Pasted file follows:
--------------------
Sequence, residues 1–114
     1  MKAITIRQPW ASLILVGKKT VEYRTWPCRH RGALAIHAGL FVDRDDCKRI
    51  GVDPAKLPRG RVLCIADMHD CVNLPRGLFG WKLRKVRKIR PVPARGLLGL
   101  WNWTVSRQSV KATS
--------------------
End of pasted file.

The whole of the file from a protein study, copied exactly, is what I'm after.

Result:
Sequence, residues 1–114
     1  MKAITIRQPW ASLILVGKKT VEYRTWPCRH RGALAIHAGL FVDRDDCKRI
    51  GVDPAKLPRG RVLCIADMHD CVNLPRGLFG WKLRKVRKIR PVPARGLLGL
   101  WNWTVSRQSV KATS